Certain JCR members have complained that the College has been unclear about the procedure for submitting the potential policy, and that their proposals have been discussed and rejected without adequate consultation.
However, the College has stated that it wishes to handle such cases in keeping with University procedure, and that any changes will be part of broader, University-wide policy.
Following a JCR meeting at the end of Hilary term, the Corpus JCR voted in favour of expressing their support for a distinct sexual assault policy. But debate over the policy’s wording was heated, with one JCR member complaining that the proposed definition of consent was “restrictive”.
Several amendments were made to the policy; and whilst it was agreed that “silence is not consent”, JCR members rejected a clause which stated that consent had to be given verbally.
Additionally, a rule stating that those accused of sexual assault would have to move rooms at the alleged victim’s request was changed. Instead, the policy as it stands allows the victim to change rooms if they wish to do so.
The policy still goes beyond typical college protocol for dealing with such cases. It obligates the college to put in place schedule changes to protect the victim, encourages both anonymous and non-anonymous reporting of assaults, and asks that the college cover any expenses (such as travel costs) associated with the treatment of students following an incident.
The College has defended its decision to adhere to established policy, saying that current measures provide sufficient care for victims.
Senior Tutor Neil McLynn and Welfare Dean Judith Maltby stated: “The College takes sexual violence very seriously and is grateful to the JCR for its part in heightening awareness and for its input. The College is actively engaged with professional services in the central University towards developing a University-wide response.”
In response to questions over how the College had handled its students’ concerns, they said that “over a dozen consultations” had taken place concerning the policy with a range of JCR and MCR members and fellows of the college, as well as professionals from both the NHS and the University, in addition to “detailed” written information delivered to JCR and MCR officers.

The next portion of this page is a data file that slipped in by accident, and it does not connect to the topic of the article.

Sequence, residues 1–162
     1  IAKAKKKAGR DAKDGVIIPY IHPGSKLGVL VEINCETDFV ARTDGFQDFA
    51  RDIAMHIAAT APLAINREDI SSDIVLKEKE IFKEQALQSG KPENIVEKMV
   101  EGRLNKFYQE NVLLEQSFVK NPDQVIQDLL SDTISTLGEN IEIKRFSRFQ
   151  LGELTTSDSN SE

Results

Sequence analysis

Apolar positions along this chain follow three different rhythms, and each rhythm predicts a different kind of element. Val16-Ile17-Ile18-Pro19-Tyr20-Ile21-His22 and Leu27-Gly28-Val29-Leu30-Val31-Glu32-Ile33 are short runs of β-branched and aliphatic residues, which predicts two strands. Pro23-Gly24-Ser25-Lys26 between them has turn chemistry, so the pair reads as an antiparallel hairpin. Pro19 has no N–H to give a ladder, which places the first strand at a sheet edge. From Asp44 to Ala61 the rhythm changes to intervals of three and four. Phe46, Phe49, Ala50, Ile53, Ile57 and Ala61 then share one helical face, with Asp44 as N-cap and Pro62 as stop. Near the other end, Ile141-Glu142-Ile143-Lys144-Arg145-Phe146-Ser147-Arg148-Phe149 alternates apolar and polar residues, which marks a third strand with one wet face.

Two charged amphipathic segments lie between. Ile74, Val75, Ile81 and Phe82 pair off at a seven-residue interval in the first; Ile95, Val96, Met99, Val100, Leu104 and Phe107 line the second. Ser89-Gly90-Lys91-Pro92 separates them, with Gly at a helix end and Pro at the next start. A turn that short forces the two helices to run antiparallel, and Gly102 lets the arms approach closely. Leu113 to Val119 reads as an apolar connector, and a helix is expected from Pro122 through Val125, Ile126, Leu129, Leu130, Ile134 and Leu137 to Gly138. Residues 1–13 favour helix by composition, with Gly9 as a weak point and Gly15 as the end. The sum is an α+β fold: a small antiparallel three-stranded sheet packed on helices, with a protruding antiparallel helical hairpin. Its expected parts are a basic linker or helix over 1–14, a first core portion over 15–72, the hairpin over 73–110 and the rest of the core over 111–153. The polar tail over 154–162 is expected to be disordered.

Abigail Burman, a fresher Historian and Equal Ops officer at Corpus, has been principally responsible for putting together the policy.
Quoting the NUS statistic that one in four female undergraduates will experience some form of sexual violence whilst at university, Burman said: “Until there is a specific policy in place to address sexual violence, neither the college nor the JCR will be able to fulfill their welfare obligations. We deeply appreciate the college’s dedication to providing support to people who ask for it, but sexual violence can’t be handled on an ad hoc basis.”
She continued: “We had a chance to take a really exciting step towards supporting survivors and halting the epidemic of sexual violence, and it’s unfortunate that the governing body was not willing to take this step with us. But we hope that this is simply the beginning of the conversation about how Corpus can take a stand against sexual violence.”
Hannah Murphy and Jamie Wells, Corpus’ Welfare Reps, said: “There needs to be a policy on sexual violence, and it would have been fantastic if college would have endorsed the one put forward. However we understand the University is bringing one out, with consultation beginning in Michaelmas, and so understand college’s reasoning in not implementing our policy.”
Veronica Heney, a second year History and English student at the college, expressed concern at the attitude of the college to incidents of sexual assault, saying: “I feel that they have not communicated clearly with the JCR about their reasons for dismissing the proposal and this has made it seem as though they do not care about the issue, or do not feel that it is important[…]I personally would feel a lot safer if there was a clear policy in place.”
One Corpus JCR member who claimed that they had experienced sexual violence said that the help they received from both college and university services was inadequate.
They stated: “In the months after my assault I really needed help, and I really needed someone to talk to, but I had no idea who I could go to. When I did finally decide to tell someone in college, I never heard anything back.”
Suzanne Holsomback, Women’s Officer at OUSU, commented: “Over the past five years , OUSU has lobbied the University to update and rewrite their Harassment Policy. This past Hilary Term, OUSU was successful in having the policy rewritten to include in the policy guidance how to best work with survivors of sexual violence. It is hoped that colleges also adopt similar policies and build off this basic foundational policy.”
A similarly strict policy has been put in place at Wadham earlier this term, after its Student Union voted that anyone accused of sexual assault at a college run Entz event would be “swiftly ejected”.
The debate comes alongside University-wide action against sexual violence, with the OUSU campaign ‘It Happens Here’ launched earlier this month.